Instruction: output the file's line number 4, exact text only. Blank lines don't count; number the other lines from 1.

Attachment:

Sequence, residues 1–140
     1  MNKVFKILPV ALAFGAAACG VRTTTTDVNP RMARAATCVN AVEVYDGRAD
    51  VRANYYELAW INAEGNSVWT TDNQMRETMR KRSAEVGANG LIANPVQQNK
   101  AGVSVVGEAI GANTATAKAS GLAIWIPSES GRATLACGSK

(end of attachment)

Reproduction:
   101  AGVSVVGEAI GANTATAKAS GLAIWIPSES GRATLACGSK